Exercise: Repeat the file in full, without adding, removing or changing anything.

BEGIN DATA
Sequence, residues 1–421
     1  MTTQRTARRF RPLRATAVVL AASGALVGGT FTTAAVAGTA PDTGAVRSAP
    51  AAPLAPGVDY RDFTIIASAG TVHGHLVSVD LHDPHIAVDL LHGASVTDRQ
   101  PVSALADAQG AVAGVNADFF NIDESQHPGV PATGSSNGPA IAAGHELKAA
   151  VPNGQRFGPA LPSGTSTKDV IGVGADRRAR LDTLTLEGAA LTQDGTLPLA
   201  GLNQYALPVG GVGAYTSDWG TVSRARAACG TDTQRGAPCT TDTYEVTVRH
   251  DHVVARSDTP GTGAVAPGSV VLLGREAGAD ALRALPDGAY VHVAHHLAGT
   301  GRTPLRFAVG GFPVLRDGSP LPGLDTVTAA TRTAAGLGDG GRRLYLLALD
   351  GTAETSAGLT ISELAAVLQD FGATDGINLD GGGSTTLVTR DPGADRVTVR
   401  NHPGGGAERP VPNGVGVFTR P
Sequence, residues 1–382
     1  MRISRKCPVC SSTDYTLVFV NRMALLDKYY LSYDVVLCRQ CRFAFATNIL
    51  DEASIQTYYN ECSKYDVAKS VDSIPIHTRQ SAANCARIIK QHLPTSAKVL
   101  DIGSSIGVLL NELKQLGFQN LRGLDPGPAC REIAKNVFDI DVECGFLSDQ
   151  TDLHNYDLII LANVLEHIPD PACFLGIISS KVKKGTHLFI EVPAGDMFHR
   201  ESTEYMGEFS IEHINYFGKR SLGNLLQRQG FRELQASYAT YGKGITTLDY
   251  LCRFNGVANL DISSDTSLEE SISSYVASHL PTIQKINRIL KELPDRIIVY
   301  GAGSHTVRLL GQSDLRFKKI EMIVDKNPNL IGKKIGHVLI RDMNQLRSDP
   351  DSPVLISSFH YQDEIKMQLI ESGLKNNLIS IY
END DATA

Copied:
Sequence, residues 1–421
     1  MTTQRTARRF RPLRATAVVL AASGALVGGT FTTAAVAGTA PDTGAVRSAP
    51  AAPLAPGVDY RDFTIIASAG TVHGHLVSVD LHDPHIAVDL LHGASVTDRQ
   101  PVSALADAQG AVAGVNADFF NIDESQHPGV PATGSSNGPA IAAGHELKAA
   151  VPNGQRFGPA LPSGTSTKDV IGVGADRRAR LDTLTLEGAA LTQDGTLPLA
   201  GLNQYALPVG GVGAYTSDWG TVSRARAACG TDTQRGAPCT TDTYEVTVRH
   251  DHVVARSDTP GTGAVAPGSV VLLGREAGAD ALRALPDGAY VHVAHHLAGT
   301  GRTPLRFAVG GFPVLRDGSP LPGLDTVTAA TRTAAGLGDG GRRLYLLALD
   351  GTAETSAGLT ISELAAVLQD FGATDGINLD GGGSTTLVTR DPGADRVTVR
   401  NHPGGGAERP VPNGVGVFTR P
Sequence, residues 1–382
     1  MRISRKCPVC SSTDYTLVFV NRMALLDKYY LSYDVVLCRQ CRFAFATNIL
    51  DEASIQTYYN ECSKYDVAKS VDSIPIHTRQ SAANCARIIK QHLPTSAKVL
   101  DIGSSIGVLL NELKQLGFQN LRGLDPGPAC REIAKNVFDI DVECGFLSDQ
   151  TDLHNYDLII LANVLEHIPD PACFLGIISS KVKKGTHLFI EVPAGDMFHR
   201  ESTEYMGEFS IEHINYFGKR SLGNLLQRQG FRELQASYAT YGKGITTLDY
   251  LCRFNGVANL DISSDTSLEE SISSYVASHL PTIQKINRIL KELPDRIIVY
   301  GAGSHTVRLL GQSDLRFKKI EMIVDKNPNL IGKKIGHVLI RDMNQLRSDP
   351  DSPVLISSFH YQDEIKMQLI ESGLKNNLIS IY